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Written on: Friday June 2nd, 2006

A journal entry from: SOUTHEAST ASIA

Tan Mai Phai Guesthouse

We've arrived at our last stop on our journey up the Vietnamese coast. Welcome to Hanoi, Vietnam's next big city on the rise. While Brea freshens-up from our overnight bus ride, I thought I'd take this opportunity to summarize what we've managed to get ourselves into (and out of) this past week.

This country has been a pleasant surprise and its people quite delightful. Our brief encounter with the Vietnamese has given us only a glimpse into their history-thick culture that has been embedded into their way of life today.

Upon arriving in Saigon we quickly learned of the country's war-torn history and our visit to the Cu Chi tunnels (an extensive web of underground passageways) gave us real insight as to how the American Forces impacted Vietnam. During our visit to the tunnels we were able to enjoy some tapioca and sip on green tea with some of the friendliest foreigners to come our way. Our big city experience ended with quite the scare as tempers were lost and Brea and I literally became captive to Vietnam's collective ways. Ironically and thankfully, we were rescued by an American-Vietnamese named Jack.

Swimming, snorkeling, sunbathing, singing, and dancing encapsulate our one-day boat trip to the miniature islands of Nha Trang. Where I luckily sampled some traditional Vietnamese remedies that included a rubdown with some sort of magical potion free-of-charge. A floating bar with free wine and fruit completed our experience.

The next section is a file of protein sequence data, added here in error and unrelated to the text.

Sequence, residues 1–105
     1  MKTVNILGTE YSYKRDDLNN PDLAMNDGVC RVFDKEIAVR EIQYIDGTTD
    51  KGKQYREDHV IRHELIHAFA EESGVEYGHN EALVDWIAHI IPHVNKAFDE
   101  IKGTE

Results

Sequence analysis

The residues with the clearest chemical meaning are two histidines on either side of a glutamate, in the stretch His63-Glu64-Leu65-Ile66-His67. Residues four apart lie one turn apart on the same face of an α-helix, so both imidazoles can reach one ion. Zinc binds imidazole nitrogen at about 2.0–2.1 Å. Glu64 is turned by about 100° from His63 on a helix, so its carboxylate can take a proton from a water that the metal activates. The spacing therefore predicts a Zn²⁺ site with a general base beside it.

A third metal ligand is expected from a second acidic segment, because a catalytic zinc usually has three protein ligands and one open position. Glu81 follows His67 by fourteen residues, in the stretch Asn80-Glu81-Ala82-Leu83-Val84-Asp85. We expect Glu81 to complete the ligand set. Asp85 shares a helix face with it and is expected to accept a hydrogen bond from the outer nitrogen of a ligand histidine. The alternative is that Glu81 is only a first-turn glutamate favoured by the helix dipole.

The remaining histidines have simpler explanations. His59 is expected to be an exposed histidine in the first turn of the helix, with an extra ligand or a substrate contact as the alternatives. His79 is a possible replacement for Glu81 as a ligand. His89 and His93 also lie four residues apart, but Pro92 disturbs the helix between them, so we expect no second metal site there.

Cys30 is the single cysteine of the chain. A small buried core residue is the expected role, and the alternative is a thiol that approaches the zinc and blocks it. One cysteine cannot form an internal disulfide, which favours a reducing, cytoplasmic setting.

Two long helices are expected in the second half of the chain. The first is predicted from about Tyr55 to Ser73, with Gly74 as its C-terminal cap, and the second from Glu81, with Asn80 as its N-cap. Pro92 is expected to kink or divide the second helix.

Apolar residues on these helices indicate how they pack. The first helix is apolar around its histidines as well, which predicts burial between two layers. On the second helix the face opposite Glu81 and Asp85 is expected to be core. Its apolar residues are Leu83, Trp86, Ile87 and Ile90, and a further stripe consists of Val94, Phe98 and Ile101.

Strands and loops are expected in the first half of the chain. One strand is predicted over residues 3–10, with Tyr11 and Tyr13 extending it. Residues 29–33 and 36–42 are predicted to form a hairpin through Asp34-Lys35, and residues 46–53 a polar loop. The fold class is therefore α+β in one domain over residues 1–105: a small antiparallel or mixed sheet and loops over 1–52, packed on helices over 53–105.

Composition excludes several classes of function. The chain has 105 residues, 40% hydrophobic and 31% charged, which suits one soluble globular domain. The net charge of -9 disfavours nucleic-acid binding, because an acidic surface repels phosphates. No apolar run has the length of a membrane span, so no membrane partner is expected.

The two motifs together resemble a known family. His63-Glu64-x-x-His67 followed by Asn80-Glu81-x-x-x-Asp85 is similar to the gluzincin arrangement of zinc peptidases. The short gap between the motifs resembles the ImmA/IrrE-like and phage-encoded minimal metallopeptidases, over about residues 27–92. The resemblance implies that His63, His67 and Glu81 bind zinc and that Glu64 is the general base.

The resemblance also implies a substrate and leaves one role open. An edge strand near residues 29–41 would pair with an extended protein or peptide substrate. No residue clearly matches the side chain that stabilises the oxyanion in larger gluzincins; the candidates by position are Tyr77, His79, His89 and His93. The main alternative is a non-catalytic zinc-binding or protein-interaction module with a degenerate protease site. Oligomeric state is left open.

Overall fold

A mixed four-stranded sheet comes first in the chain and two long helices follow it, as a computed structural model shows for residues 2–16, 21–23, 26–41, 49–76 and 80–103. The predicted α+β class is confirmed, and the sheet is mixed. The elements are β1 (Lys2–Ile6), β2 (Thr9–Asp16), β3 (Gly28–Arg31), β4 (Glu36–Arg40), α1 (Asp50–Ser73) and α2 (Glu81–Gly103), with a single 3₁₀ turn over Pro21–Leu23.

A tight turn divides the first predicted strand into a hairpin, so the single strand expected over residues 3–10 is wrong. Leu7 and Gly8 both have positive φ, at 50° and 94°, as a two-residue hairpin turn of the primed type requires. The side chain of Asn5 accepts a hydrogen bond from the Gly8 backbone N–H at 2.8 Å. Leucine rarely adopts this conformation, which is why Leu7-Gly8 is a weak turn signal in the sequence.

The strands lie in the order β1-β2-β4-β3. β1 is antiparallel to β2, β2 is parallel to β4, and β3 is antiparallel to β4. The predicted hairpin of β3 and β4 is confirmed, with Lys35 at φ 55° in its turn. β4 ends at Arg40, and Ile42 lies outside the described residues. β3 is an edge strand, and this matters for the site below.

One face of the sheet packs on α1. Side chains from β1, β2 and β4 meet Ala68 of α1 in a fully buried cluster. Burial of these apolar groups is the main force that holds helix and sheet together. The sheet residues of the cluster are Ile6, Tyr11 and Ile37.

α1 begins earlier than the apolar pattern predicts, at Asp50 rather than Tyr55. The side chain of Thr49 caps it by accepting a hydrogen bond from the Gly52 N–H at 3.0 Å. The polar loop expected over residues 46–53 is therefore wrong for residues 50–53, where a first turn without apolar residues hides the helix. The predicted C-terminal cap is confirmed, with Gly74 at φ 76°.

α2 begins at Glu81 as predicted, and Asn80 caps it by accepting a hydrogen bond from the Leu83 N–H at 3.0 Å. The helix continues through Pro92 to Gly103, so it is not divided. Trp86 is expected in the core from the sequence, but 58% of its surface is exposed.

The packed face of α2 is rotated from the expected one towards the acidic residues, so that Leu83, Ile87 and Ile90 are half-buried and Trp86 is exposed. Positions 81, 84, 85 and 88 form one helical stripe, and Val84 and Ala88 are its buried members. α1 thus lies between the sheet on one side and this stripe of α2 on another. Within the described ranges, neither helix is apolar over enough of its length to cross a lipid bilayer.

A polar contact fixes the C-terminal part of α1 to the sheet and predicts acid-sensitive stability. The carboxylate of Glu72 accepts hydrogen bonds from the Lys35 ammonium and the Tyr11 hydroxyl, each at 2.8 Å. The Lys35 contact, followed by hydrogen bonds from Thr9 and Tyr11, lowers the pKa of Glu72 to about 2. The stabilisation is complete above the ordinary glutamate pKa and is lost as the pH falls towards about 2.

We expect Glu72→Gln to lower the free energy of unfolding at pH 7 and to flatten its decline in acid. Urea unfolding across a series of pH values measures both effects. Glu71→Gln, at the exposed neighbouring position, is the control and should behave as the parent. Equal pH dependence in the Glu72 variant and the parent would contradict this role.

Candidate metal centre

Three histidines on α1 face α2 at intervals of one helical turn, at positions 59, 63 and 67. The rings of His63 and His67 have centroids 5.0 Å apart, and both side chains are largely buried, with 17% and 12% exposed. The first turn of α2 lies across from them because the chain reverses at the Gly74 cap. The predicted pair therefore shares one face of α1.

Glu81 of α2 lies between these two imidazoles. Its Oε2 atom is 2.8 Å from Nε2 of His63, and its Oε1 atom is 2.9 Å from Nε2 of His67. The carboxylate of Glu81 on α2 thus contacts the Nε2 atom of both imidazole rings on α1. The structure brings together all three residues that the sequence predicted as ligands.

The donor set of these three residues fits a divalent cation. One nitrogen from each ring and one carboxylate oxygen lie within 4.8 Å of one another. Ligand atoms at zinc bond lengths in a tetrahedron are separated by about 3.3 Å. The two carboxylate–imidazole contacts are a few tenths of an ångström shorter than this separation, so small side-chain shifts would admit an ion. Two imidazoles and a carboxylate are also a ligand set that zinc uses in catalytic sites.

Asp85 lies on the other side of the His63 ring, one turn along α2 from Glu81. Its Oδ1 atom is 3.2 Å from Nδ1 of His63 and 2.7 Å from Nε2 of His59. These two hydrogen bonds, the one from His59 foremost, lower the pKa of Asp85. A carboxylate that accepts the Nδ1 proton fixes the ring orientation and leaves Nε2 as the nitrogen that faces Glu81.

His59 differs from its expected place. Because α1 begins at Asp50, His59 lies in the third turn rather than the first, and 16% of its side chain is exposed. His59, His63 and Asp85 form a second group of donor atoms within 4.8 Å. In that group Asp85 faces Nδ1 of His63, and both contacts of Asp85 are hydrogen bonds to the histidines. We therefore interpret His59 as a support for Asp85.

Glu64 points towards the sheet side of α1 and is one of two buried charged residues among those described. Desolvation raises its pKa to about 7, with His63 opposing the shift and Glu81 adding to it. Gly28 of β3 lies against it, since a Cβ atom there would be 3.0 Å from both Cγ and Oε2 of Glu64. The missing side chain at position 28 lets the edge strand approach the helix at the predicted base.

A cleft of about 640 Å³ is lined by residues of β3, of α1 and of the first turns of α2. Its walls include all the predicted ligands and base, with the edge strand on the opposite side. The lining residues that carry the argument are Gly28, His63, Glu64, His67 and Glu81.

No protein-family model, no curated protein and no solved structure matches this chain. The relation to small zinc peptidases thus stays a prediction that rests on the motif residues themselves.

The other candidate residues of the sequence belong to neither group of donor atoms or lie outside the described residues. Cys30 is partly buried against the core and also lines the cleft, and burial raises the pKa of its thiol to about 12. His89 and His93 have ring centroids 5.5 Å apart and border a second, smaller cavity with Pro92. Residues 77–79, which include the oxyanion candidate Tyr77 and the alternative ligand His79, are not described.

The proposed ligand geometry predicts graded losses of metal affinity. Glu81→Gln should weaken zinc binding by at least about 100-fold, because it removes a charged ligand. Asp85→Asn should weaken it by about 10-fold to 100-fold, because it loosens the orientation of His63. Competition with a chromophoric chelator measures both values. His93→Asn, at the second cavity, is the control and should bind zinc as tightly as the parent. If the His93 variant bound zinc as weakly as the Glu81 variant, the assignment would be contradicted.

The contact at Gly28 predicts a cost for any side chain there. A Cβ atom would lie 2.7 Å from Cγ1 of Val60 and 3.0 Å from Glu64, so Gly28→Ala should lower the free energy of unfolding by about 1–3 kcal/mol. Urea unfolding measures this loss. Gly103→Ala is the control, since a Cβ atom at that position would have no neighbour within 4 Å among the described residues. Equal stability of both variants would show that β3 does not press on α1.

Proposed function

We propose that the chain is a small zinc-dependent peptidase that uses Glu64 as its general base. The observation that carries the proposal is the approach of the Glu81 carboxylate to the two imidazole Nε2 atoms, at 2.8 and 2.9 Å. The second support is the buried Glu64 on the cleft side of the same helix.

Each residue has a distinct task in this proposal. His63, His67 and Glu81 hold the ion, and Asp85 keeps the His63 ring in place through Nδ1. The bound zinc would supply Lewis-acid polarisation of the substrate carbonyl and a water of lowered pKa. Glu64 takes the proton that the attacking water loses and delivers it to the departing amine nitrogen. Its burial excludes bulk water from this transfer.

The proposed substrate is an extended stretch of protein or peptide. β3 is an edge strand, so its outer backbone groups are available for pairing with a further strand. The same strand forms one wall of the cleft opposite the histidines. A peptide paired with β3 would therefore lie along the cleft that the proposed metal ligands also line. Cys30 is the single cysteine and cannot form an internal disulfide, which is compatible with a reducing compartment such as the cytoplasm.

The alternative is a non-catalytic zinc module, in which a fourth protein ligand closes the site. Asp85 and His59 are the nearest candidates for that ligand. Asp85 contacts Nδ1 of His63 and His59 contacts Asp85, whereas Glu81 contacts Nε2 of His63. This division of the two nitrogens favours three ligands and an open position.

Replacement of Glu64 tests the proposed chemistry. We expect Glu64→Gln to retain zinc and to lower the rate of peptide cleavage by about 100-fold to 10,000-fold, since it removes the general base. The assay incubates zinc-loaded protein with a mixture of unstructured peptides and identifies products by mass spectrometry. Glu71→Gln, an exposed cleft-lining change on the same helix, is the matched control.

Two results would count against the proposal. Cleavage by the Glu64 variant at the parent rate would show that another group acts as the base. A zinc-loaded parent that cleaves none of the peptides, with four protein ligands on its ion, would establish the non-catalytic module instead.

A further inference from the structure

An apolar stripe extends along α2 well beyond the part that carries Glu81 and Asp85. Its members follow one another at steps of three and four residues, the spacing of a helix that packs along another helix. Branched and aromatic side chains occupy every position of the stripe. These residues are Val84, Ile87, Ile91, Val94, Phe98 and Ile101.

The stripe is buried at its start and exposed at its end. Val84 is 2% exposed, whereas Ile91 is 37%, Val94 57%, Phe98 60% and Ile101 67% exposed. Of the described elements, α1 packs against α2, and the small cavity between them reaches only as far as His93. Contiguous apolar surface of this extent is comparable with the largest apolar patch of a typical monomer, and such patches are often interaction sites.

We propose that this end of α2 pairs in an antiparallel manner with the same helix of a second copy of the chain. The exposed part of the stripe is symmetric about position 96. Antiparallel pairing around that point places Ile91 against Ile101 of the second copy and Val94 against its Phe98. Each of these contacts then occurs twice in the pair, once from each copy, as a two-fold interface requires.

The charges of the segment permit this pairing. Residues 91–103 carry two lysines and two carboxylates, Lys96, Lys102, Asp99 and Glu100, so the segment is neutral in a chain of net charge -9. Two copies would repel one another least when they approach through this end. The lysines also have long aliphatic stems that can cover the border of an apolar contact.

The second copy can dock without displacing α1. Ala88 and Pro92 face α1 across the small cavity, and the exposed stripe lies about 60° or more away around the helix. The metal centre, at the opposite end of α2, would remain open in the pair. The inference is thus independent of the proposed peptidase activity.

Bicycles became our main mode of transportation and in each town we sought out primarily sand and sun. The pristine beaches we found along the South China Sea were ruled by locals and peasant merchants, but they warmly welcomed us and our handfuls of dong.

Now regardless of the fair warnings received we easily succumbed to Vietnamese Au CoutureŁ and embraced our shopaholic addictions in Hoi An. I promise we have the excess baggage to prove it.

Lastly, my defining experience in Vietnam would have to be our motorbike tour in Hue, as I recall Brea clinging on for dear life, to the back of her crazed adrenaline junkie tour guide - hold on tight! From ricefields to monasteries, our appetites were always satisfied by either a steaming bowl of traditional Vietnamese noodle soup or simply a fresh baguette with a side of non-perishable cheese. As we made our way from HCM to Hanoi we tore apart every market in hopes of finding the perfect batch of postcards, hairpick and fridge magnets. But as for haircuts and massages one should always expect more than they bargained for. It is for those reasons and so much more, that Vietnam has effortlessly fallen into our list of favorites.

Now the time has arrived when I begin counting down the hours until Brea boards the plane home and we depart our separate ways, but I am grateful for the time we had together and the memories made that will last us a lifetime. Now for the remainder of the morning we've decided to splurge on a Cyclo to roam around the Old Quarter. So what's on the menu for breakfast before we hit the streets?